Article of Faith 11: We claim the privilege of worshiping Almighty God according to the dictates of our own conscience, and allow all men the same privilege, let them worship how, where, or what they may.


  1. The Catholic Church does not allow divorce and will not marry people who have divorced. The government allows divorce and allows divorced people to be married again, but it has never forced the Catholic Church to sanction divorce or perform marriages for those who have divorced. Why would it be any different for same-sex marriages? The government is not going to force any religion to perform marriages that they do not want to, and the precedent for that has already been set with Catholics and divorce.

    Question for you - are same-sex couples who are married to each other and who are monogamous, are they morally unclean? Are they really any different from straight married couples who are monogamous?

    If the issue is moral cleanliness, is it not better to allow all people (gay or straight) to express physical love in marriage? Is it realistic to ask anyone to remain celibate and alone their entire lives with no hope or chance of loving someone in every sense of the word? Even straight members who are single have the hope that they might meet someone to marry. Women who were single for a long time have even ended up marrying apostles! One could even marry a non-member and still remain an LDS Church member in good standing.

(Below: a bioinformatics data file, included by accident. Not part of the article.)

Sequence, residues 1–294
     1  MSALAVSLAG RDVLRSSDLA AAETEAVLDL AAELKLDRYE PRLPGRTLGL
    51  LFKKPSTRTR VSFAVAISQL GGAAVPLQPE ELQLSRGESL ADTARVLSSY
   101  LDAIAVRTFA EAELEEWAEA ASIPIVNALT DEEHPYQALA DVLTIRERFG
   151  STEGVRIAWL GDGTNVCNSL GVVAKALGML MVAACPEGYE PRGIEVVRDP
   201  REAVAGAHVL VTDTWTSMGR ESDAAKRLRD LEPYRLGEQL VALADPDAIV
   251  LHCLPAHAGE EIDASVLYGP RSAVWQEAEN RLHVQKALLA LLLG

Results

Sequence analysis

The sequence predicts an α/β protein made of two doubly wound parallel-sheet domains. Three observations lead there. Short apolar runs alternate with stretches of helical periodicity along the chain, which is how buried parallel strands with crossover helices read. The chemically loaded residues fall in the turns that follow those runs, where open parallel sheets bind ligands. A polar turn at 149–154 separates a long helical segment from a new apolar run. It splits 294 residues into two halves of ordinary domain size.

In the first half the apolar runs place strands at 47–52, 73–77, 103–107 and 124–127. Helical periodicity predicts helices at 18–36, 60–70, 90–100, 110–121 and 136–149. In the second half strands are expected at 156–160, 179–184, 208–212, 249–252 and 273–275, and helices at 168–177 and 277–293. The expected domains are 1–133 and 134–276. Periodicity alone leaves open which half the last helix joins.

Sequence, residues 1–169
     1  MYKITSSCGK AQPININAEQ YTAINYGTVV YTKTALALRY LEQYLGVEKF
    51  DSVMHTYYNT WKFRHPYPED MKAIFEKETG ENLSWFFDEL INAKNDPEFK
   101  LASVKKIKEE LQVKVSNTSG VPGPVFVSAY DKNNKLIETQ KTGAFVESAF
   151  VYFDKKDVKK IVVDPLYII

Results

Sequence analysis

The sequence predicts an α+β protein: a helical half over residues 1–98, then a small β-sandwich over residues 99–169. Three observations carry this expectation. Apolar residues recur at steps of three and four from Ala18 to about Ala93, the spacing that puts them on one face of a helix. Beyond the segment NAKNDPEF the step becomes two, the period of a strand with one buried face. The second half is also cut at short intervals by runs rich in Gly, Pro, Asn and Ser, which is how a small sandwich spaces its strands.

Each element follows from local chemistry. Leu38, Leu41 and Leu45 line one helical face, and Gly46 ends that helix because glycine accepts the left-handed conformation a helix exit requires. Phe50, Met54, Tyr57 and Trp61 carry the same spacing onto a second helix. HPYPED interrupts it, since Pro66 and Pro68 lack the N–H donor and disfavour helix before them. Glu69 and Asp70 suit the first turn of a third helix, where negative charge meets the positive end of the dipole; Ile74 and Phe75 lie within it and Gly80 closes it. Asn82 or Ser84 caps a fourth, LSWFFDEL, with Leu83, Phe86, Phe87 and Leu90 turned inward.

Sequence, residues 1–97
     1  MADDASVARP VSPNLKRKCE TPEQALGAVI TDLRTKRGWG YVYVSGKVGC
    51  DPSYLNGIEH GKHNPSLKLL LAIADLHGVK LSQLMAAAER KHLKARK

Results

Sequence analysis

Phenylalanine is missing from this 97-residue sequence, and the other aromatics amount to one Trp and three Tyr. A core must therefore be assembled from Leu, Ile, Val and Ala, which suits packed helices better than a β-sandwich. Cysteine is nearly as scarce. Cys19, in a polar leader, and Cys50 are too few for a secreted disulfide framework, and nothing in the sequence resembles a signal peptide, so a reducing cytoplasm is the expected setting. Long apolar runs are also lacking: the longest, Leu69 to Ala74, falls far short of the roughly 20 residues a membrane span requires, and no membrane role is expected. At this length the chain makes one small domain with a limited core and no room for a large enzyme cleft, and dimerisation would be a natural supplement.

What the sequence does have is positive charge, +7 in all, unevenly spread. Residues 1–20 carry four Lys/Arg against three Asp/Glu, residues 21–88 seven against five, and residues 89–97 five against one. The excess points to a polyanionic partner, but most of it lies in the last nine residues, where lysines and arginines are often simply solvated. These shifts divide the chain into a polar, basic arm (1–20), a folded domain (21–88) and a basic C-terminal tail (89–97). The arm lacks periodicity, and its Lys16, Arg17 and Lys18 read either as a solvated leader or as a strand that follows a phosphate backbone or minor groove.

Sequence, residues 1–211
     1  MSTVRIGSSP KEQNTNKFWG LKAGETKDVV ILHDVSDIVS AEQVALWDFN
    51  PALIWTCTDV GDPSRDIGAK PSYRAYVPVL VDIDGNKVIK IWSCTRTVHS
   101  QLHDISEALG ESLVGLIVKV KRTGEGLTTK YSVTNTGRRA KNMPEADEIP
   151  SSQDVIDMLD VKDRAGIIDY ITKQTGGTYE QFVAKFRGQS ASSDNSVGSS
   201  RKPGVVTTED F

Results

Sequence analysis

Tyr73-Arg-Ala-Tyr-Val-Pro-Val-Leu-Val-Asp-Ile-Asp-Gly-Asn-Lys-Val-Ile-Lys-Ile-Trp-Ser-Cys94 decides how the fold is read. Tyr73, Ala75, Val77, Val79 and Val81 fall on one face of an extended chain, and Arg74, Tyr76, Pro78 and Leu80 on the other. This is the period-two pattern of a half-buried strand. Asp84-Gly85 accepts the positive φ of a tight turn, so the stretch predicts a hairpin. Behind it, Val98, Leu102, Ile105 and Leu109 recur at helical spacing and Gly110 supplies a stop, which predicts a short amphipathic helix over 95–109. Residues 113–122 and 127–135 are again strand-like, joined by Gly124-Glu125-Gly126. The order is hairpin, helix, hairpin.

The Church does not completely ban straight members from expressing physical love, it just asks that they wait until marriage. It even allows divorce and multiple marriages. Until the same kind of thing is fairly offered to gay LDS members (whether in the temple or not) the vast majority of LGBTQ members will separate from the Church (and rightly so).

  2. Thank you for your response. Forgive me if I jump from point to point.
    Laws are created by legislators who represent the people. The people, to my knowledge have not rallied against the Catholic Church for their stance on Divorce.

    If the LDS church establishes marriage as between a man and a woman, then yes, a same sex couple are not obeying the law of chastity. I understand the dilemma and the argument. I am a gay man and a member of the church. According to the LDS church it is different for a hetro couple.

    The issue, as I understand it, is not moral cleanliness as per man but as per the Law of Chastity which Mormons believe is a law that God established for his people. It would solve many problems today to allow all people to express physical love in marriage, but if we believe the law came from a higher power then we would look to him for more information/explanation/clarification/change.

  3. Item number 3 is based on an unfortunately popular bit of misinformation. Churches will not be forced to solemnize gay marriages. There is simply no mechanism under federal law for doing that. See, e.g.,

    1. Sorry, the link was incomplete. Corrected:

    2. Thank you for the info. I will read up.